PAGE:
Friday, 22 February 2013

“Sit up straight,” 1946

The period immediately following the grand finale of the Second World War found Britain exhausted and impoverished. In an act of unprecedented social engineering, a mass re-energisation was planned, including injecting everyone under the age of 50 with orange juice, and the introduction of the ‘Doctor, Doctor’ joke as a national fillip.

But not all were convinced. Sir Constant Payne, Minister of Labour, who coined the phrase ‘feed them sticks and leave the carrots to their idiot dreams,’ took a dim of view of the project, ridiculing it as ‘no better than putting the country to Nanny’s bosom to cork its mewling’.

His idea was to bully the nation back to its senses, and this was the first of 115 posters he commissioned from the NOI. In his memoirs, No Book For Fools, he wrote

[T]he sight of Britain’s young men slouching like dead tramps in a canoe was enough to make a chap want to take a ferula to their sit-upons. I resolved to get the nation’s backs straight once more – even if I had to break them myself.

Payne went on to present the Open University’s first panel game, British Foreign Policy 1381-1955: A Critical Study.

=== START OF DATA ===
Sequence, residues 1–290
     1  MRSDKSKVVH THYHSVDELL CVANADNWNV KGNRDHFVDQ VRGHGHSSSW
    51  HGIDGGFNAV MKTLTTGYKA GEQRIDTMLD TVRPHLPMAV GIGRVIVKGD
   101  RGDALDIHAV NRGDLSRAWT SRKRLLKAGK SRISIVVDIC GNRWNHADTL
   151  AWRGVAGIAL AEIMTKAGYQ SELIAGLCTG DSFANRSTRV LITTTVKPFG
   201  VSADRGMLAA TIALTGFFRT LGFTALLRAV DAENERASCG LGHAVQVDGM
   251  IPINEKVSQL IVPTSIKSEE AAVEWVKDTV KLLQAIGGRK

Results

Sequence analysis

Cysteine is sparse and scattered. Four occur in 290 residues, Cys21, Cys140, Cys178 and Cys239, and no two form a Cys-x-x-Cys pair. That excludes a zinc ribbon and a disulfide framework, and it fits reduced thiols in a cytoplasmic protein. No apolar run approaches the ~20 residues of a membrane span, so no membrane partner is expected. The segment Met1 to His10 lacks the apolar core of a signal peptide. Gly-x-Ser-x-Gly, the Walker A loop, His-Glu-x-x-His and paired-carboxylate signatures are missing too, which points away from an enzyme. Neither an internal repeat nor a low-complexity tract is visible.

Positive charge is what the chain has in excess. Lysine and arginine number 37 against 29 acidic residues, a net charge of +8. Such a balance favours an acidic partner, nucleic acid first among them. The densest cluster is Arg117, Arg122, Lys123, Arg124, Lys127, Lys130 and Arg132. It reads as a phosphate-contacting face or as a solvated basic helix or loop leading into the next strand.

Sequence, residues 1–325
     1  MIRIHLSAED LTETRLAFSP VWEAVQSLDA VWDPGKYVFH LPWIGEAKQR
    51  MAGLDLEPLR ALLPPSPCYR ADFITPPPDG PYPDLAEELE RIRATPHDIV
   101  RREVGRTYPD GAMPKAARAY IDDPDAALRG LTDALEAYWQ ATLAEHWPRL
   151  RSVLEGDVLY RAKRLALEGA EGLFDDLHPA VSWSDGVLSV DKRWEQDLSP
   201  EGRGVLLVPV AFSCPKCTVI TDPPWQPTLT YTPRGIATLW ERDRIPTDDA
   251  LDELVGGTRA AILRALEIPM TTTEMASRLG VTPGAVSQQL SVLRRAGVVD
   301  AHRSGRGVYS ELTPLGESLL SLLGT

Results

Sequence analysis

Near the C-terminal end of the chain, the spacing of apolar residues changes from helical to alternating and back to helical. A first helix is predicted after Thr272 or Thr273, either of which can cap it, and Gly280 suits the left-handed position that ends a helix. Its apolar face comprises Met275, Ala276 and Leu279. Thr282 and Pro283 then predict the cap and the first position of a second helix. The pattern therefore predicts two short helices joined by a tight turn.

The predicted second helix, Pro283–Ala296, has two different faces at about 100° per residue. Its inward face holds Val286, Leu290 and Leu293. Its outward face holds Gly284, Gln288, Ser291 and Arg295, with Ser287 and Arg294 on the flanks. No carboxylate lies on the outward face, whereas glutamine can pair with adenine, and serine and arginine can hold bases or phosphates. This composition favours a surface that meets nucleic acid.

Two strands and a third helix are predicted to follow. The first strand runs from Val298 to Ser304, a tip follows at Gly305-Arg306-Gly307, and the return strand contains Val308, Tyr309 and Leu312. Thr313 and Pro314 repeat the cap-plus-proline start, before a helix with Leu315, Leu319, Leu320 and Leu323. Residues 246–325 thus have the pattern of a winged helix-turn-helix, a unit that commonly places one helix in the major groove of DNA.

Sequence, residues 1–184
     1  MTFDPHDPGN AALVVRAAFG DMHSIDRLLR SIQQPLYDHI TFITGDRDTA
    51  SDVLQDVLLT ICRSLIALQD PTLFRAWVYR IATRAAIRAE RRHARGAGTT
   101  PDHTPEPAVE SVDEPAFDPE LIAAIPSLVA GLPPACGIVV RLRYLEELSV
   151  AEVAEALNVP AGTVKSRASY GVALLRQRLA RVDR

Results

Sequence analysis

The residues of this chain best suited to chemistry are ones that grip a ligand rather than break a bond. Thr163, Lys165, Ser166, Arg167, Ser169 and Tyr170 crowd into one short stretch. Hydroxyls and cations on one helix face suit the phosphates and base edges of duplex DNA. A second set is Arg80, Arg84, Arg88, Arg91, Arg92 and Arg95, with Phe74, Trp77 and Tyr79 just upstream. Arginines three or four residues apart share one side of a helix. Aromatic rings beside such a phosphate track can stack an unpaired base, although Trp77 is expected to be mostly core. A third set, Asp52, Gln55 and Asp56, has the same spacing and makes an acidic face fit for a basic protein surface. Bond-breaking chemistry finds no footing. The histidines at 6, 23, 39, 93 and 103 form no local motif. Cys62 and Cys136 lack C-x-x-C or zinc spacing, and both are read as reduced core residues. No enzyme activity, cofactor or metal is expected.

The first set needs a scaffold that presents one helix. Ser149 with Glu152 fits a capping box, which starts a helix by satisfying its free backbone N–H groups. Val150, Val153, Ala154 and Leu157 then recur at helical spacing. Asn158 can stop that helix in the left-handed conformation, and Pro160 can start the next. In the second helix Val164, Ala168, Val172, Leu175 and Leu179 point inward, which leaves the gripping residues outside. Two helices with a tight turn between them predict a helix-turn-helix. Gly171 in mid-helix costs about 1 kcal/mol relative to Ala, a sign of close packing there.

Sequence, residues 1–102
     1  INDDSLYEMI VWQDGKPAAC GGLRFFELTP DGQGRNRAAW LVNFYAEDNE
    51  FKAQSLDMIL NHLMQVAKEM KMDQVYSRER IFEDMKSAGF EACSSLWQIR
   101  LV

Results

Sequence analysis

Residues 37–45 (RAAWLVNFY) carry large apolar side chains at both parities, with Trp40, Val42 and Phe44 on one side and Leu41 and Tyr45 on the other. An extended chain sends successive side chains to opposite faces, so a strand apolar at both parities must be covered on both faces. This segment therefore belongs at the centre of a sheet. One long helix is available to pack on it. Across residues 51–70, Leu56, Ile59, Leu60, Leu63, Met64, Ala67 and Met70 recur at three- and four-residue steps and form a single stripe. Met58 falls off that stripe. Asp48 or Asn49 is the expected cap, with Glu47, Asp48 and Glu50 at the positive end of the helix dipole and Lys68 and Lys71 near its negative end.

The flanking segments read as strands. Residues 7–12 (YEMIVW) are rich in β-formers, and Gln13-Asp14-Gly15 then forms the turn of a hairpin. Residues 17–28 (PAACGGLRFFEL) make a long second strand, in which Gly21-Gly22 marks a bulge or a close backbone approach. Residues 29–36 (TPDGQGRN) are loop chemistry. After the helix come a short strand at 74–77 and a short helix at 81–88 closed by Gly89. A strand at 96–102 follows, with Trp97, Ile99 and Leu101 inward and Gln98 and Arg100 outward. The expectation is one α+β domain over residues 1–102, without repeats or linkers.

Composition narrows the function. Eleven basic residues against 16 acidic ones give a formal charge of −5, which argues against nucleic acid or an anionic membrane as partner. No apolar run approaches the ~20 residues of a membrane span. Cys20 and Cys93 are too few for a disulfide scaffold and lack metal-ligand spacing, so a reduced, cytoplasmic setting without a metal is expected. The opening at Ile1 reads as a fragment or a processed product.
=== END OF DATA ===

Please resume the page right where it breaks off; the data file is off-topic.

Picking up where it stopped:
Thursday, 7 February 2013

“Here’s a sight for sore eyes. And soon it could be yours,” 1989

The privatisation of government assets was reaching boiling pitch by the late 1980s and, having sold off Britain’s oil, gas, water, electricity and weather, there seemed little left in HM Government’s asset bank except food and miasma. That is, until one Treasury brightclogs came up with the notion of selling off Britain’s views.

The NOI was co-opted to design the advertising campaign, and the flotation took place on 3rd November 1989. The initial share price of 83p rose to £10.32 by the end of the first day’s trading, making multimillionaires of some lucky millionaires.

Some of the premium views were bought by foreign interests. Most people know that the view of the Houses of Parliament from Albert Embankment is owned by the Japanese prison system; less well known is that the view of Huyton & Prescot Golf Club from the northbound carriageway of the M57 is owned by the bass player from Boney M.